The hospital buildings at Aweil are arranged around a huge central open rectangular space of gravelly dirt and dust and three huge mango trees. During the day visitors and carers and mobile patients gather in colourful groups under the trees talking, sleeping, even boiling water on small fires and cooking food and kids play and roll around in the dust and filth. An enclosed verandah looks onto this space and links all the buildings, the ones used by MSF at one end and the rest, at the other end constitute the Ministry of Health Public Hospital (The MOH). The MOH is supposed to cater to all adults except for women who are pregnant - they are looked after by MSF which also looks after all babies and all children, up to the age of 16.
The other day Maura, the MSF midwife I work with all the time, took me to see a woman in the Public Hospital. It was thought she might have an ectopic pregnancy, a dangerous complication of early pregnancy where there is internal bleeding which can be lethal. We went into the crowded ward to find an obviously very ill young woman lying on the stained and grubby thick sponge of a mattress whose vinyl covering had long since been ripped and damaged and thrown away. The bed sank alarmingly in the middle. The woman could barely move or talk and her face was shining and wet with perspiration. A crowd of onlookers, patients and their carers from adjacent beds moved in close to find out what was happening.
With the help of the translator, who accompanies me to see just about everyone, we learned this woman had been on that bed since the day before. Her abdomen was so painful she could barely move. She had not received any treatment because the hospital had run out of drugs to treat her, and no one in her family could afford to buy her any. Her Blood pressure hadn’t been recorded because there was no BP recording equipment. Her temperature had not been recorded because here was no thermometer. Nothing , absolutely nothing, not even her name had been written in her chart except for the names of some drugs on a scrap of paper. This was the list the family was supposed to fill. A pregnancy test hadn’t been done because there were no pregnancy test kits.
Thinking about it later I wondered if the health worker who asked us to see her had suggested the possibility of her problem being a pregnancy complication as a way to get around the rules which state adults are not seen by MSF unless they are pregnant. Her care up to that point could better be described as neglect, and she was going to die if that was allowed to continue.
We found a catheter and I inserted it and we got back a tiny amount of very concentrated urine and tested it – she wasn’t pregnant. Technically therefore she was not our problem , but she desperately needed help, and apart from resuscitation with intravenous fluid, and huge doses of antibiotics for the fever that was burning her up, she needed surgery because upon examining her abdomen it was obvious she had peritonitis. I wanted to get help for her from MSF – a surgeon had joined our team the very day before – but how was I to get around the rules? I decided to pretend that her peritonitis might have spread from a pelvic infection – though for various reasons I felt this was unlikely, but the people I needed to persuade weren’t surgeons or gynaecologists.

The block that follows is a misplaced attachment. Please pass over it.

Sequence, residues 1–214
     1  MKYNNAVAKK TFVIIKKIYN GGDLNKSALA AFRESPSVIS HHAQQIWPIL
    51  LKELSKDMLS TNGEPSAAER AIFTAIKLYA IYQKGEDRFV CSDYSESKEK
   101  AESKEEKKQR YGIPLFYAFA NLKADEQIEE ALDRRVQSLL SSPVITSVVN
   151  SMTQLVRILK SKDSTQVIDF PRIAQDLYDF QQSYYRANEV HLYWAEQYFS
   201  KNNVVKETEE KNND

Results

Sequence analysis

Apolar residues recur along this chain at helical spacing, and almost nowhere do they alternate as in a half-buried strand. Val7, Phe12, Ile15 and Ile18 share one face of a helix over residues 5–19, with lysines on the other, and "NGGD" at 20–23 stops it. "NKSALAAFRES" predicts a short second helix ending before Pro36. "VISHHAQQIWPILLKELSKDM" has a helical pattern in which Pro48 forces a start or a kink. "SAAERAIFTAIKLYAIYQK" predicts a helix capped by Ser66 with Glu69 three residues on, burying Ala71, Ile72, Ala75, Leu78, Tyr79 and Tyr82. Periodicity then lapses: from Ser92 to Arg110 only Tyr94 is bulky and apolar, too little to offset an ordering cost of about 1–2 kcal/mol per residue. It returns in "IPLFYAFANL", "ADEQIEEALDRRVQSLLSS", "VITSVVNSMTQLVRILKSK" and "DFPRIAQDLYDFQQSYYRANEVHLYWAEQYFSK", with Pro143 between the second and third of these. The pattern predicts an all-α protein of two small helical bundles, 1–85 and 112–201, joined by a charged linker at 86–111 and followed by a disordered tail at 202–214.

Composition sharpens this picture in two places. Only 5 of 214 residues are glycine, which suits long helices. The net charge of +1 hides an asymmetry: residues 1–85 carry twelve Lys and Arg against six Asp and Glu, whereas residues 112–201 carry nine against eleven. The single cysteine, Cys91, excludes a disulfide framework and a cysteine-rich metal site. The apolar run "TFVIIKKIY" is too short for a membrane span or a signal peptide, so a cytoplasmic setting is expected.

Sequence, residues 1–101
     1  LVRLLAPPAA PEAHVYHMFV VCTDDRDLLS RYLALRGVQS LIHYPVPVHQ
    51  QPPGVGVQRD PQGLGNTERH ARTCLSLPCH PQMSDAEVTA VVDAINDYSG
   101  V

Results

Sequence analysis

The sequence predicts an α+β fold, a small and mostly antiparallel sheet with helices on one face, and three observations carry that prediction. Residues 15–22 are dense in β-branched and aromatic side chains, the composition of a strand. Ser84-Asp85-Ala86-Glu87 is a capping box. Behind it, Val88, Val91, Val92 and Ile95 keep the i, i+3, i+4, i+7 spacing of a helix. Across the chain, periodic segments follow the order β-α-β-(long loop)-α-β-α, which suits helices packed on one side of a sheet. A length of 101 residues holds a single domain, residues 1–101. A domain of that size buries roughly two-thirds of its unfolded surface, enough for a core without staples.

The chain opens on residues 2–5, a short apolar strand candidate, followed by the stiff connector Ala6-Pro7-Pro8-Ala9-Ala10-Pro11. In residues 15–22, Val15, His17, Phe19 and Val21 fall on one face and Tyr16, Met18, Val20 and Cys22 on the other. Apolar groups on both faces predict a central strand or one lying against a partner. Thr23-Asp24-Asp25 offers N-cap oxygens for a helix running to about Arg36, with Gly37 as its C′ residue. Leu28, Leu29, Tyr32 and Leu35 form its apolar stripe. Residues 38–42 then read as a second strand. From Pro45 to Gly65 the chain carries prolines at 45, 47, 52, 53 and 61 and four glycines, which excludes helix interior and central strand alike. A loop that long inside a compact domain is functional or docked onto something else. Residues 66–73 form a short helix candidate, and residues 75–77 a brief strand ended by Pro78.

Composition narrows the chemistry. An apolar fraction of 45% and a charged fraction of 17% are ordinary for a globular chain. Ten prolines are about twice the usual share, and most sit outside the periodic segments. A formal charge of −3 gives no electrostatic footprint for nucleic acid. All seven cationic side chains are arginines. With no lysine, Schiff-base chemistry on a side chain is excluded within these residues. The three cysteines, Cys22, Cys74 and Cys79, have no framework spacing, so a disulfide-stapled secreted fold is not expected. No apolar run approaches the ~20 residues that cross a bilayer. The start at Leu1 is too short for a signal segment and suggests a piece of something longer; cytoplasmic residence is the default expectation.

Time was ticking by, and she lay there waiting while I argued her case back at Base for MSF to accept her. A week before I had leaned on our medical manager to get one of my patients transferred to an MSF programme in a town 3 hours away because she had a bowel obstruction and might have needed surgery to relieve it. I had said she could die without surgery and now I was saying it again “That is what you said about the woman we sent last time but she didn’t die” he said, and it was true. Maybe I was overstating the case? “At least come and see her first” And he agreed. Meanwhile she just lay there.
Eventually when he saw her I think he was shocked by her condition but still he felt MOH should be taking care of her. “If we look after her then all the people here will want us to look after them “ he said. “She is not our patient”
“ But now she is MY patient” I said in reply. “I HAVE to give or get for her the best possible care I can. The rules are not my concern – they are yours and you will have to make her an exception. At least get the surgeon to come and see her, and see if he agrees with me that without surgery she will probably die”
And thankfully he agreed, and later still the surgeon saw her and was also shocked. She clearly needed antibiotics, she clearly needed fluids, and she was almost certainly going to need surgery. At last it was agreed - she would become an MSF patient – so I hurried off to get all the supplies she needed, set up the fluids, gave her all the antibiotics she needed and wrote it up in her file. I explained again and again to the nurse there exactly what I wanted done overnight – it wasn’t difficult – all the drugs and fluids were there in a box by her bed - they just had to connect them – and when I returned in the morning they were all still there! Now, apparently they had decided she was an MSF patient and therefore not their responsibility.
Fortunately the patient was still there too, still very sick and when our surgeon reviewed her with me at 9 am he agreed she must have surgery, and before lunchtime, she did. What we found surprised us – no burst appendix, no pelvic sepsis, no perforated bowel but an inflamed kidney abnormally positioned in her pelvis on her left side and a fine sticky film of inflammatory exudate all over the bowels. We removed the appendix anyway, washed out her abdomen and sent her to recover in the MSF part of the hospital. She was not yet “out of the woods” and was going to need intensive post operative care, something that was obviously not going to be provided by the MOH.
Today she is still very sick.